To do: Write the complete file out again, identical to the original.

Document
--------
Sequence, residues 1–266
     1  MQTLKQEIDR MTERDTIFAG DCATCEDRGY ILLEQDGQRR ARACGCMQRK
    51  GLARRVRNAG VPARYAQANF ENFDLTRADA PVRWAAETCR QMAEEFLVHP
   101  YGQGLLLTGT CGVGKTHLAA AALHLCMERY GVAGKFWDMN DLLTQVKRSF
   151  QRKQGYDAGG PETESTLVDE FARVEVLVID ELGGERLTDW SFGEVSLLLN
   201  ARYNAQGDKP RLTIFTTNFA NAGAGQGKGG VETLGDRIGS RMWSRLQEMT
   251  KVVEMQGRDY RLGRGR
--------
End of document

Sequence, residues 1–266
     1  MQTLKQEIDR MTERDTIFAG DCATCEDRGY ILLEQDGQRR ARACGCMQRK
    51  GLARRVRNAG VPARYAQANF ENFDLTRADA PVRWAAETCR QMAEEFLVHP
   101  YGQGLLLTGT CGVGKTHLAA AALHLCMERY GVAGKFWDMN DLLTQVKRSF
   151  QRKQGYDAGG PETESTLVDE FARVEVLVID ELGGERLTDW SFGEVSLLLN
   201  ARYNAQGDKP RLTIFTTNFA NAGAGQGKGG VETLGDRIGS RMWSRLQEMT
   251  KVVEMQGRDY RLGRGR